Different species of tick hosts tend to have different probabilities of transmitting an infection to a feeding tick. In eastern and central North America, the host most likely to transmit an infection to a feeding tick is the white-footed mouse (Peromyscus leucopus), which infects between 40% and 90% of feeding larvae.
Acorn production catalyzes chain reactions in a complex web of species interactions in oak forests that can influence forest health, via Gypsy Moth outbreaks, human health, via Lyme disease risk, and biodiversity via songbird nesting success. What are these and other acorn connections?
In areas where Lyme disease is endemic, it is desirable to control populations of native ticks, which transmit several pathogens to humans causing Lyme and other diseases.
To find out how to steer clear of Lyme disease during "picnic season" - a time when people are more likely to pick up ticks - the National Science Foundation spoke with NSF-funded disease ecologist Rick Ostfeld of the Cary Institute.
With the snow melted and the weather warming, folks are finally making their way outdoors, where, if you live anywhere in the Hudson Valley, the black-footed tick that carries Lyme disease can be found.
Video ReportSpringtime is finally upon us again and as people head back outside to enjoy the outdoors they increase their chances of getting bit by a tick.
Tick studies at Cary.
While bloodsucking ticks can lay waste to a moose and infect humans with devastating diseases, the tiny parasites and the bacteria they carry have no apparent effect on one wee woodland creature: the white-footed mouse.
The next time you see a opossum playing dead on the road, try your best to avoid hitting it. Because it turns out that opossums are allies in the fight against Lyme disease.
What if we could vaccinate the white-footed mice that account for the majority of the transmission of Borrelia burgdorferi (the cause of Lyme disease) and significantly reduce the level of tick infection?
We often blame white-tailed deer and the deer ticks they carry for spreading Lyme disease in the United States, especially from Minnesota to New England to Northern Virginia.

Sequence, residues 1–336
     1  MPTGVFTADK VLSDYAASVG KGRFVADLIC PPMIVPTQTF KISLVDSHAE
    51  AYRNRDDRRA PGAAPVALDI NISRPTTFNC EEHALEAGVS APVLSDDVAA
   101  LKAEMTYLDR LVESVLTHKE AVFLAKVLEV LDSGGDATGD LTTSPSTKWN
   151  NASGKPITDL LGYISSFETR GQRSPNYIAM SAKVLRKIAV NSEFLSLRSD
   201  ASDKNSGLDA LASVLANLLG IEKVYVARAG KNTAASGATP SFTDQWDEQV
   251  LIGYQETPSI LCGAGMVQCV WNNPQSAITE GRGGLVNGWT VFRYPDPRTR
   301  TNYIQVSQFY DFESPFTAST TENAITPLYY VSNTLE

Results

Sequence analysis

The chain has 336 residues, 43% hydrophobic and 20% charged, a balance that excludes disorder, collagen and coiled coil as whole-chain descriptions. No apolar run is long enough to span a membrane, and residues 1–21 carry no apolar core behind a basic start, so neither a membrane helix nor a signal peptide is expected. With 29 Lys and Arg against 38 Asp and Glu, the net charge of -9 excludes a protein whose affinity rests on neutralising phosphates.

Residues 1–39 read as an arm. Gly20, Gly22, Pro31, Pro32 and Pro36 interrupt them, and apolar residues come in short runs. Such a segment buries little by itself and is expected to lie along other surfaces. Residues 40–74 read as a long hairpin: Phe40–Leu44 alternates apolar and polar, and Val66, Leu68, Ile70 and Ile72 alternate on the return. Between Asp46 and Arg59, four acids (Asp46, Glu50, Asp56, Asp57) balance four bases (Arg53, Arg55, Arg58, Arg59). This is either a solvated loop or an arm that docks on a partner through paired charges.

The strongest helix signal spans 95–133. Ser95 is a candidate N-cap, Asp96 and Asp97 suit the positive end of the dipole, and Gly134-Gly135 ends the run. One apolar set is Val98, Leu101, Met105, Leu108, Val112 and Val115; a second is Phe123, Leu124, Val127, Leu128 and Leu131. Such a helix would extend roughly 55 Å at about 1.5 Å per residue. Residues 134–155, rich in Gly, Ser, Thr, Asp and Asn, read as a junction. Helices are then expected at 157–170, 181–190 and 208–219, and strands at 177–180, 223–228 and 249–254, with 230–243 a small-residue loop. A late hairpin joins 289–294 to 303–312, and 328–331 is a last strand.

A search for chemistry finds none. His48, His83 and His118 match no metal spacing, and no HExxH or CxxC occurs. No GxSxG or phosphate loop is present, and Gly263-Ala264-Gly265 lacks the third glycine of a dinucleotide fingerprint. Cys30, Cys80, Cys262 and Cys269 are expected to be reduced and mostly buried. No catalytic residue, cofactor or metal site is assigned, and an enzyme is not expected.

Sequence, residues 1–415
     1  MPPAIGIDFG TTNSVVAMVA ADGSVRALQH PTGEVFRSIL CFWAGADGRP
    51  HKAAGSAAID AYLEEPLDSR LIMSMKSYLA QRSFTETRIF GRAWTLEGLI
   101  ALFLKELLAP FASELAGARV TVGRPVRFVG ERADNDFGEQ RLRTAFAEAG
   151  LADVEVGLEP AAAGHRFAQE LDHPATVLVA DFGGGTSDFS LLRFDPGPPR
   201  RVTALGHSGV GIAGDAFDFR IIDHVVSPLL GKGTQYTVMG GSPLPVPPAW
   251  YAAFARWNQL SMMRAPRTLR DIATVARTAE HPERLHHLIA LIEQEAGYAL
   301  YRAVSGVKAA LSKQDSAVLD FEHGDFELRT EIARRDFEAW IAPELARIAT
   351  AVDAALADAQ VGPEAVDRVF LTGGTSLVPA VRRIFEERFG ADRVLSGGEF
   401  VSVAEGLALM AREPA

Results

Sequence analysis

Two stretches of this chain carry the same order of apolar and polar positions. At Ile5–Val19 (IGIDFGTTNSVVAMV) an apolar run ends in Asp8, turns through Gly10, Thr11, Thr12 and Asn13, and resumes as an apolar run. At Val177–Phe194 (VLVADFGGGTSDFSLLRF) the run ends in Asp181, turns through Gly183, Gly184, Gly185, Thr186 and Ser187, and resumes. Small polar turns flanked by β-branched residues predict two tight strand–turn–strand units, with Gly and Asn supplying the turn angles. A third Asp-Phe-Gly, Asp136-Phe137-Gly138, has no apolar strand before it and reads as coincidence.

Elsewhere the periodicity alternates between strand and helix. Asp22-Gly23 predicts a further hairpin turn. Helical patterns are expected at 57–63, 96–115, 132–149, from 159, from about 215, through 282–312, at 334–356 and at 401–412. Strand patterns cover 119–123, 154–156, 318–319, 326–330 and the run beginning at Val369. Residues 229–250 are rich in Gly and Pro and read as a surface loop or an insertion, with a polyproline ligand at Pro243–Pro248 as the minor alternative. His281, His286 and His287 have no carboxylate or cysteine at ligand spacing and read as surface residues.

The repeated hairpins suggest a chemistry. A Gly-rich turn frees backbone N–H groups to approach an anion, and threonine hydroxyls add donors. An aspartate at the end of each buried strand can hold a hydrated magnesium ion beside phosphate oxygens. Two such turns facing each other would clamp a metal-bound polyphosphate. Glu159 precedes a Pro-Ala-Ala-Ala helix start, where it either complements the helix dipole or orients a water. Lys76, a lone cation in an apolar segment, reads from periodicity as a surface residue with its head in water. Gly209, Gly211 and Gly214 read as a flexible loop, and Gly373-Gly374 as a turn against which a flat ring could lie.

In the Northeast, the black-legged ticks (Ixodes scapularis) that spread Lyme disease also infect people with other maladies, among them anaplasmosis, babesiosis, and – as a new paper in the journal Parasites and Vectors reports – Powassan encephalitis.
Initially, Rick Ostfeld’s work at the Cary Institute focused on how small mammals shape forests. Early on, he noticed a unique relationship among mice, black-legged ticks, and the bacterium that causes Lyme disease.
The New Yorker reports on the controversy surrounding the diagnosis and treatment of Lyme disease. Columnist Michael Specter interviewed Cary disease ecologist Richard Ostfeld about the ecology of ticks and the spread of the disease.
VideoThree members of Congress joined forces with a Lyme disease advocacy group to host a forum to discuss the fight against tick-borne diseases. As a panelist, Cary's Rick Ostfeld shared his research and insights.
Given the 300,000 new cases of Lyme disease a year in the US reported by the CDC, it is understandable that health organizations and local governments in this country are extremely anxious to develop a broader, more effective tick-borne diseases control strategy.
American Museum of Natural History documentary on Lyme disease featuring research conducted at the Cary Institute by Dr. Richard Ostfeld and his team.
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